This will probably be my last blog post for the week. Later today I will get on a plane to Regina Saskatchewan, on the Canadian prairies. We have a Madonna House there which runs a soup kitchen for the men of the streets; I am going out to give them a three-day retreat. I return Sunday and will be back to normal blogging from then on.
But I thought I would do my ‘work of mercy’ post today, then, before I go off-line for the rest of the week. We are moving right along with these works, and now come to the most difficult, tricky, easy-to-do-wrong, really-hard-to-do-right work of all.
And that work is to admonish sinners. When I wrote the post about visiting the sick, and I was listing some of the genuine nuances of how you can biff that one up and end up being more of a nuisance than anything else, I hastened to say that I wasn’t trying to discourage anyone from actually doing that work of mercy.
With this one, I do fully mean to discourage people from doing this one, if you don’t think you can do it correctly. The damage that can be done to a person’s soul if they are rebuked for their sins badly, harshly, without mercy and with hard judgment is terrible. People can be driven away from God and from the Church, for years, if someone admonished them for their sins in a way that was hurtful, demeaning, loveless.
So don’t do it… unless, that is, you can do it with love, with peace, with compassion, with great care, prudence, and discernment. If you lack any of the above qualities in any situation where you may feel some admonishing is in order, do not move on it until you have them. Ask God for them.
Now, there are situations in life where this work of mercy actually is part of one’s job. Parents simply have to do this, and God bless all you parents reading this for taking on that hard part of the job. You gotta tell your kids when their doing wrong, and it’s no fun. But it has to be done. And others are in similar situations. Religious superiors, spiritual directors (gasp!)—when one person has a responsibility to some extent for the moral and human formation of another person, then there is an obligation to admonish the sinner. But again, always with compassion, mercy, love.
Personally, I am very slow to correct a directee on something, my experience being that they usually know what they are doing wrong, and that there is great delicacy required to tell them so when it that is not the case. Lots of prayer, lots of waiting for the right moment, the season when the word of truth and correction can enter into their mind and heart. It’s tricky!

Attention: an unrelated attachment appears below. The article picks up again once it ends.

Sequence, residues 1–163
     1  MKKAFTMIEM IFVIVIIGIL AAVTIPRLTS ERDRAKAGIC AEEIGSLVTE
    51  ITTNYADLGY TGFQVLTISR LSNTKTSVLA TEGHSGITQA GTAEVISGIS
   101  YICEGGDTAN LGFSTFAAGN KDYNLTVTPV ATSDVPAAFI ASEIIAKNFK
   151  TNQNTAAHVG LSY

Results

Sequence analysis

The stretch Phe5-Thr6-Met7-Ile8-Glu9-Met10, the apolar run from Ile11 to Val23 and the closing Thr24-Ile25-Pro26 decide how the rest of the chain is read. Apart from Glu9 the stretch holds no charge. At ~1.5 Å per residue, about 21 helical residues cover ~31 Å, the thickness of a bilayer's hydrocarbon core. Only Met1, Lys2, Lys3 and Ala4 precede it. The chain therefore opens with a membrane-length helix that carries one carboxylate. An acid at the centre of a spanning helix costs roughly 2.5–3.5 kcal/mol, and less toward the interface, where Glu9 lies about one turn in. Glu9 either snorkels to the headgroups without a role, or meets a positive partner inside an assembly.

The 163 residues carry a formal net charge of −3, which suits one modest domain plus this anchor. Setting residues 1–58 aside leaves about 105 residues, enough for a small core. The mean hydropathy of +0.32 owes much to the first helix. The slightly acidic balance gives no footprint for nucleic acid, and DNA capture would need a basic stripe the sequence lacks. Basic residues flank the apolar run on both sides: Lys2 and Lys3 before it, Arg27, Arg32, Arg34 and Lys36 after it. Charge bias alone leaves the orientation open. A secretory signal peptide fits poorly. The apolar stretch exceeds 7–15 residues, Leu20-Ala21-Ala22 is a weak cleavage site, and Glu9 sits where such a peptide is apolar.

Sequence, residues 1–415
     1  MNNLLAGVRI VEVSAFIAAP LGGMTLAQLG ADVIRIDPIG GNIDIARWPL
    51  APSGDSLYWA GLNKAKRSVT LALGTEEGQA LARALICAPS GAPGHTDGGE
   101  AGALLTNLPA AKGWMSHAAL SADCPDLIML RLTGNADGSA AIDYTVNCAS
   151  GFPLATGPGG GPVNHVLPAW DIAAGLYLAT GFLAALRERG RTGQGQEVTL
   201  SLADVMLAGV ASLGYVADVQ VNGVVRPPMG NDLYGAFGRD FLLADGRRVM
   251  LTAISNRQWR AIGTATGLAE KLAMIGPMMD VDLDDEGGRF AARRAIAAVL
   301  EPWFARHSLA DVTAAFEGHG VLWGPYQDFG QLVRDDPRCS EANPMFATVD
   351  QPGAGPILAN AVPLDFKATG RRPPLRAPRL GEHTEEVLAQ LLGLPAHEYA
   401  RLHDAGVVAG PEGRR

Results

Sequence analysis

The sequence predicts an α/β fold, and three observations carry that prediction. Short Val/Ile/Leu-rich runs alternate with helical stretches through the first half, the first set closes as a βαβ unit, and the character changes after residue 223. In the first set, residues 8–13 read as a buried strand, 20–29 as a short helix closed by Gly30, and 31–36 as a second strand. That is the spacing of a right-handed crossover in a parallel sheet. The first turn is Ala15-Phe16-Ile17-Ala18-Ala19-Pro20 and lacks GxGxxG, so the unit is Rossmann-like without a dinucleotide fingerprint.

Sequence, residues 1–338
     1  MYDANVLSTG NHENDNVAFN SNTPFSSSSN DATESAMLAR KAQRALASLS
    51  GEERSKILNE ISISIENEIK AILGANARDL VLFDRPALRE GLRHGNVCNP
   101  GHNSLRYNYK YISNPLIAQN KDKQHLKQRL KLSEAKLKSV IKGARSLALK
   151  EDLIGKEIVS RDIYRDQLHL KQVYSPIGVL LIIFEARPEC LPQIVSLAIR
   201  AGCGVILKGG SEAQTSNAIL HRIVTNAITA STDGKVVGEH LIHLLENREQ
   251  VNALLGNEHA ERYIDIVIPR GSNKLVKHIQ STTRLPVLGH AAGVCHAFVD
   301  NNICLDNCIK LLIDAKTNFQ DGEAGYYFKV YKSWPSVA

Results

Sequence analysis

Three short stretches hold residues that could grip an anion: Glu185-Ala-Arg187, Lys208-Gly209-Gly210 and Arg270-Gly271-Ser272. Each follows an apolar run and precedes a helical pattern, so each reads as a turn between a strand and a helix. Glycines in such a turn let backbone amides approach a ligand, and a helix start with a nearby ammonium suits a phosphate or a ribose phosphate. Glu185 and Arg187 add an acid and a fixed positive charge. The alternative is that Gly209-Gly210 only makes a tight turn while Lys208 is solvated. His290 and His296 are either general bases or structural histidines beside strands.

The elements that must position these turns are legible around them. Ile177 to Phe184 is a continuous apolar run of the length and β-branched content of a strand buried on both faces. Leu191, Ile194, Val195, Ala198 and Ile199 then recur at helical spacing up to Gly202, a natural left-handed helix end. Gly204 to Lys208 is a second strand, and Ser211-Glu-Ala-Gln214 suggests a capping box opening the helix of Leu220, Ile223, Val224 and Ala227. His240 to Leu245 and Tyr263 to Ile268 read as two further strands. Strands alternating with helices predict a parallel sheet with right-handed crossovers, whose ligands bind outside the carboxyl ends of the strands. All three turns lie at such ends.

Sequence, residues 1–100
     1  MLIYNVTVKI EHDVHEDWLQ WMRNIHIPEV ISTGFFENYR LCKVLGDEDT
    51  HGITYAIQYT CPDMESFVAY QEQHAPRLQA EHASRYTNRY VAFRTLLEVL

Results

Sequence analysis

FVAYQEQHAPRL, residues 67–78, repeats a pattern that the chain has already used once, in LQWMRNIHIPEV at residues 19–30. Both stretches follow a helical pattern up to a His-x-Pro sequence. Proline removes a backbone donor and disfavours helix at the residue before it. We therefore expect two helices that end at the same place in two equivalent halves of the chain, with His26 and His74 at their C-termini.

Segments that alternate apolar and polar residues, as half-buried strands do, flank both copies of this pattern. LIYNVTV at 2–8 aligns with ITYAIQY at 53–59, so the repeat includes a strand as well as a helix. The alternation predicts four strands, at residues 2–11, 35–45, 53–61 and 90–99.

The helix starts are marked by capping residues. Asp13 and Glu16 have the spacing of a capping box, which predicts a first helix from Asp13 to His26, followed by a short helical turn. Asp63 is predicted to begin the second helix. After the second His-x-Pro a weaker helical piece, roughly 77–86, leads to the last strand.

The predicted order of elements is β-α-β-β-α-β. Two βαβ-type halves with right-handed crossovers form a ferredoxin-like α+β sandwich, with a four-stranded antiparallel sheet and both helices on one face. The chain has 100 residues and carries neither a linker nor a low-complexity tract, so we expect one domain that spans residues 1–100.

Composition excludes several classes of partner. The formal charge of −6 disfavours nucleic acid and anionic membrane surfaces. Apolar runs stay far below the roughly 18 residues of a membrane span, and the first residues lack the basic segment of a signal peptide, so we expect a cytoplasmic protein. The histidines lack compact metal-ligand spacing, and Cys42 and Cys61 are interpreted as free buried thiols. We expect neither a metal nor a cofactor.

But in general, we have to be very slow to move with one another in this matter. Internet culture specializes in people shrieking at one another about how much the other person sucks, and I suppose at times in the Catholic blogosphere that kind of intemperate yelping of one another’s supposed sins can be justified by appealing to this work of mercy.
Well, nonsense. If you are going to correct someone for some misdeed of theirs, for one thing you do it in private, in the context of a face to face relationship. Your motivation must be the genuine good of the person you are correcting, and you have to really care about them. There must not be any trace of malice or anger, vengefulness or sarcasm or snarkiness—none of these can be part of any work of mercy we do, and certainly not this most delicate one.
So yes, I am definitely trying to discourage people from doing this work of mercy (odd project for a priest in the Year of Mercy). Unless, that is, you are doing it rightly, not lightly, with much prayer and love and care.
Of course the most profound way to ‘admonish the sinner’ that all of us are supposed to engage in continually is simple enough: it is to live a sinless life. When we respond with love of God and love of neighbor, when we strive daily to conform our acts, words, and thoughts to the demands of justice and charity, when the Law of God, both the negative precepts of the moral law (the shalt nots) and the positive commands of Christ (the Sermon on the Mount, the New Commandment of Love) is continually on our minds and hearts and guides every decision we make—all of this is a great admonishing of both the sinner who we ourselves are and of sinful humanity.
Become a saint, in other words. And then you will know when to speak and when to be silent, when one of your fellow sinners may need to have something said to them, and when the best way of correction is to simply love them and radiate the goodness of God to them through your own choice of the good, the true, and the beautiful in you life.
We want to get this work of mercy right, right? Well, that’s the way to do it, at least as best as this poor sinner can understand it himself. I do ask your prayers for me as I travel today and give the retreat to the good folks in Regina who serve the poor every day in their house, and I will be back on the blogosphere… well, sometime next week.